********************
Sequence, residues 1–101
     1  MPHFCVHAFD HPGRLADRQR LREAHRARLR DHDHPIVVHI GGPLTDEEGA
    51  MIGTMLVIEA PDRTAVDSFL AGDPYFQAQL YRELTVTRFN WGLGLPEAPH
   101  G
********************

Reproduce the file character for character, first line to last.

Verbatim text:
Sequence, residues 1–101
     1  MPHFCVHAFD HPGRLADRQR LREAHRARLR DHDHPIVVHI GGPLTDEEGA
    51  MIGTMLVIEA PDRTAVDSFL AGDPYFQAQL YRELTVTRFN WGLGLPEAPH
   101  G